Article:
I will not judge.
Except for One
Who was not there.
Crammed into wagons. Doors closed. Left in darkness until arriving at this place—not unlike the other places except this one with unpainted wood instead of concrete. Rows of us stacked upon rows barricaded inside stockades with more rows cobbled onto more rows.
Outside and away from the bare wood and bare floors, our bare feet and barren lives tread through rubbish—vegetable, animal, mineral—human, non-human, inhuman.
Scattered corpses. Emaciated people. Rotting smells smoldered from uncovered pits and fetid bunkers. Electric fences surrounded barking dogs, loaded guns, and filth. We waited—herded, experimented upon, raped—startled by gunfire—frozen in place each time a body thuds like a garbage bag into an open trench.
They probed me daily. I received no benefit—other than staying alive, which, under the circumstances, was not much of a benefit. Food and water rationed. Never allowed to wash. No showers. Not even a toothbrush. Bathroom facilities? Outside—in the back. Lice and assorted insects settled on beds, clothing, skin, inside bodies.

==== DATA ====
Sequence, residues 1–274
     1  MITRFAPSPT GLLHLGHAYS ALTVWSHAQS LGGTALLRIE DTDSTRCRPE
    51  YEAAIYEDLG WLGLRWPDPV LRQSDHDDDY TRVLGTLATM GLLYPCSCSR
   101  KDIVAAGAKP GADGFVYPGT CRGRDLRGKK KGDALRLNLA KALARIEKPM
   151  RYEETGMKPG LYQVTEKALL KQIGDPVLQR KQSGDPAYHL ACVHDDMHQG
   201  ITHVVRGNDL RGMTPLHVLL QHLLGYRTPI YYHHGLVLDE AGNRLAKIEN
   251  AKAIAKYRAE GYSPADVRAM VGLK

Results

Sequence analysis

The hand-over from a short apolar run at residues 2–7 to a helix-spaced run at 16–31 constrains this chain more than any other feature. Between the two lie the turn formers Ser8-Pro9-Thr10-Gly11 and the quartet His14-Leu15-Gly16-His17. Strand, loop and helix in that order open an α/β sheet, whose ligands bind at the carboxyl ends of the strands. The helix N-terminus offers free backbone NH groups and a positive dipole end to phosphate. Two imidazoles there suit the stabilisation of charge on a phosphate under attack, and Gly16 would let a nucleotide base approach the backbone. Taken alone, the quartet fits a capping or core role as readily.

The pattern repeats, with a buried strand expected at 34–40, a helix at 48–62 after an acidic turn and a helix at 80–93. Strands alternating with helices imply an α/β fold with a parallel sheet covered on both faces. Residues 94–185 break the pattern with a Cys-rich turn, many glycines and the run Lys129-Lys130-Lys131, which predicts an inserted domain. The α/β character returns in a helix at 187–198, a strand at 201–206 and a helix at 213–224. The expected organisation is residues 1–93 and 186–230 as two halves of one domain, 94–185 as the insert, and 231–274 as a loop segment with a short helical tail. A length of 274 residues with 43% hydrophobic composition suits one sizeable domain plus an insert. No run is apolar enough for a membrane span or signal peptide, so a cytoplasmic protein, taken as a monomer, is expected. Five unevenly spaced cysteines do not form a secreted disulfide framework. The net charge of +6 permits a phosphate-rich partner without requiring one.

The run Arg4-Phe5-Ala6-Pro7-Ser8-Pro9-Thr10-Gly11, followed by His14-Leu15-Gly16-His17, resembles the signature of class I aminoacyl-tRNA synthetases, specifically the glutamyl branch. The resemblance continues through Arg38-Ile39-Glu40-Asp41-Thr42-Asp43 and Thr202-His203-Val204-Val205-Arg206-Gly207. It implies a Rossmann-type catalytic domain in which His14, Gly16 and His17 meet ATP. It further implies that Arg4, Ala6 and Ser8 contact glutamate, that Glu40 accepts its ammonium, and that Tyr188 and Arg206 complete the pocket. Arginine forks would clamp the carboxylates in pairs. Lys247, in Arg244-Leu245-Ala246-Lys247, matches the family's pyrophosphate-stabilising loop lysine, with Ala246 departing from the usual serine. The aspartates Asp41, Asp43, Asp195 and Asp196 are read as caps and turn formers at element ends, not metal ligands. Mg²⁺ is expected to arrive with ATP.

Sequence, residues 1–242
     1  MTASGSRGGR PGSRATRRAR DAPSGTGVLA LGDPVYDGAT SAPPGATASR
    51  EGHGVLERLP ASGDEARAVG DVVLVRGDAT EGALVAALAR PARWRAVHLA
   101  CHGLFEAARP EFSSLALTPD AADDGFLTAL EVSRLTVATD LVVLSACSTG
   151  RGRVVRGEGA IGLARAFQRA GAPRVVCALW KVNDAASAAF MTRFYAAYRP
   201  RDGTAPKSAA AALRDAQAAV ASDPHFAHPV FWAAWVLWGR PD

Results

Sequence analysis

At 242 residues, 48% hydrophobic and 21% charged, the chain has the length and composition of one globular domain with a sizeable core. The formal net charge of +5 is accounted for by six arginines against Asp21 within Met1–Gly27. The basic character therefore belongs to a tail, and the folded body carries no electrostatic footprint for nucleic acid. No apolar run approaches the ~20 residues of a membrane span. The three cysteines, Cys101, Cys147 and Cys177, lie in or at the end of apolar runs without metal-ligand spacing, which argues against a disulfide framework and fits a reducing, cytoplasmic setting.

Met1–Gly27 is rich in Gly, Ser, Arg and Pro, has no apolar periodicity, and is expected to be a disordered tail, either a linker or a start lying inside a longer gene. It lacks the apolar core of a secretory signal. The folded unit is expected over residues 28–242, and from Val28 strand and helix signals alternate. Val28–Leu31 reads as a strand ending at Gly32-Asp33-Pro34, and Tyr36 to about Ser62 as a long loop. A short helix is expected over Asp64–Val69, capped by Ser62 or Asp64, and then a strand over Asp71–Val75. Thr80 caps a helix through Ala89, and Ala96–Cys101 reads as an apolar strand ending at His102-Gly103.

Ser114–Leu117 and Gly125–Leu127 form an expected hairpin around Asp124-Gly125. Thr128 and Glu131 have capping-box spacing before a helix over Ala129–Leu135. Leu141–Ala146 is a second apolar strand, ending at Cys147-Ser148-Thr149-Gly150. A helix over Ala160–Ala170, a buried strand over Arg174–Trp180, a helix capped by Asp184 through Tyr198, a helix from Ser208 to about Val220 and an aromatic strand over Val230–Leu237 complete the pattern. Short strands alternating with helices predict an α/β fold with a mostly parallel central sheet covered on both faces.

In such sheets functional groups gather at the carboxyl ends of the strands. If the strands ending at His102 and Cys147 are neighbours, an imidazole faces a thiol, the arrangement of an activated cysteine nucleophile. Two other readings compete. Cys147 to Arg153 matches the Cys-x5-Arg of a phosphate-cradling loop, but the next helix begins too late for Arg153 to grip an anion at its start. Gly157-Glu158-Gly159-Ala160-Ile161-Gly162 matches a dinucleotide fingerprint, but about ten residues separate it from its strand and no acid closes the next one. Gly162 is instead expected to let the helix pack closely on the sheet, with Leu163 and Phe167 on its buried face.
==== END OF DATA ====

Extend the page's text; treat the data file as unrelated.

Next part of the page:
I survived for eighty-eight days.
After a smiling face turned his thumbs-up into a thumbs-down, the prussic acid caused my chest to sting. I convulsed as if from epileptic seizures. Blood coagulated in my lungs. Breaths turned to gasps. People yelled. I yelled.
Then all was quiet.
Then all were dead.
Fused one to another from the heat.
Men in masks entered hacking with axes to separate us. Then an order came down, “Burn them.”
Breezes mixed the air with odors from various gases—cadaverine, putrescene, fecal—into a hole where dust never settled.
They dumped m—our—ashes into a ditch.
Then I met Him.
I had nothing to lose.
I told Him a joke.
He did not laugh.
His voice boomed, “Human degradation is not funny.”
My reply, “I guess You had to be there.”